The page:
But in recent decades, as voter turnout drops, political literacy declines, there is correspondingly a rise in what may be described as Nietzschean individualism.

Against the ethos of respecting the needs of others and cooperating with one’s fellow citizens to work out shared strategies for the common good, the Nietzschean outlook insists that individuals should stand alone and consider solely what they ought to do to improve their own selves. Joining with others is dismissed as losing oneself in a crowd. Caring for the weak is deemed a sign of weakness. Only those who focus on making themselves better than what they had been stood any chance of becoming Übermensch (commonly translated as ‘super human’, but more accurately, ‘over-and-above the normal human self’). Otherwise, they are to be lamented as ‘human, all too human’.

Nietzsche of course has often been misunderstood. His ideas were deliberately misappropriated by the Nazi regime when he in fact detested people with anti-Semitic views and treated blind nationalism with disdain. He was not adverse to the development and display of physical and military strength. But for him, it would only be meaningful if such strengths were directed at opponents stronger than oneself. To target those who were weaker would be for Nietzsche simply pathetic. He admired creative geniuses like Beethoven and Goethe for being determined to bring forth what no one else had conceived of before, and scaling new heights of aesthetic achievement.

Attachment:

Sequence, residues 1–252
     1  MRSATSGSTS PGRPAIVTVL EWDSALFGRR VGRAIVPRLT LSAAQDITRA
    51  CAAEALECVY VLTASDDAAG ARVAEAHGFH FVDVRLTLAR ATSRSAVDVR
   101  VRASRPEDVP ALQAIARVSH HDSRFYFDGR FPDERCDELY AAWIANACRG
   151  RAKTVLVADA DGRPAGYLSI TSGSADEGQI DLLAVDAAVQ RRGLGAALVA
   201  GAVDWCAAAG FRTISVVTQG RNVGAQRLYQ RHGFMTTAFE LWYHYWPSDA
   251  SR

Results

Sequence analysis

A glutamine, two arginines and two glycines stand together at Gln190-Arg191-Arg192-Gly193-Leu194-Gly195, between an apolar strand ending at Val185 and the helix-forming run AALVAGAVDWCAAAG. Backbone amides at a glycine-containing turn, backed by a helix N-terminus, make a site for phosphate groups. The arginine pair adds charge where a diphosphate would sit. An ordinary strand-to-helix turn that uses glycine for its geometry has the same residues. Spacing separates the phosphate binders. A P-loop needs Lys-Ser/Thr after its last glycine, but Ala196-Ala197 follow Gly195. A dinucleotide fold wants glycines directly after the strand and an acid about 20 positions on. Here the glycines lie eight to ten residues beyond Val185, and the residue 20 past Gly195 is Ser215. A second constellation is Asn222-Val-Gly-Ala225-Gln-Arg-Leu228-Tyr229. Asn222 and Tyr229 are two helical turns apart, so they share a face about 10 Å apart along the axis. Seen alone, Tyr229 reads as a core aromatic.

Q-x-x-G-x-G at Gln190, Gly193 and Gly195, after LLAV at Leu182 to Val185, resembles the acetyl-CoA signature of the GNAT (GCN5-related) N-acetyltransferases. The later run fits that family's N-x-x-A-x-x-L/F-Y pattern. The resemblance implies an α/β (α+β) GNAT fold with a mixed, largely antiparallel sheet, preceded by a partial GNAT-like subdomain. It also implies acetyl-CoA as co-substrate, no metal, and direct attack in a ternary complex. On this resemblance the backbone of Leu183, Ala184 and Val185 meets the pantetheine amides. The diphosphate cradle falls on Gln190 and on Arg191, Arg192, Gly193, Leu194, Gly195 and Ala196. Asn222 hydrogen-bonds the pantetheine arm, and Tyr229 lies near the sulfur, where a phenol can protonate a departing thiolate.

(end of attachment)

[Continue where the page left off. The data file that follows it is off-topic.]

There’s nothing wrong with striving to be a pioneer, but the distinctive Nietzschean flavour comes with what one is supposed to exclude in the process. Nietzsche wants the passion for overcoming one’s mundane self to be so all-consuming that there is no place left for considerate interactions with others.

As Nietzsche’s philosophy is inherently opposed to rules and prescriptions, what greater self one strives to become is entirely left to individuals to decide with no reference to social implications. A Beethoven may write music that enriches countless lives, while the founder of a tobacco company may cause millions of premature deaths. Morally, it’s all the same to Nietzsche.

This indifference to the fate of others, combined with the exclusive push to meet one’s self-selected challenges, has not surprisingly bred the notion of the ‘striver’ as a contemporary hero. Such ‘strivers’ are to be praised, and they deserve to take whatever they can get, because they are relentless in pursuing their own ‘self-determined’ goals.

Some ‘strivers’ may by chance make the world a better place, but experience tells us they are more likely to ruin the lives of others with barely a shrug of their shoulders. If making one’s corporation stronger means thousands would lose their jobs or left with barely enough to live on, one should press on and not be distracted. If expanding one’s fossil fuel empire generates vast environmental problems for others, one should proceed without hesitation.

Ultimately, the trouble with the Nietzschean notion of Übermensch, is that it encourages the discarding of social bonds when people need more than ever to understand each other and cooperate more effectively. Since Nietzschean strivers will always overlook the impact of their actions on the wider society as simply not their business, they have no business calling the shots in any democratic society.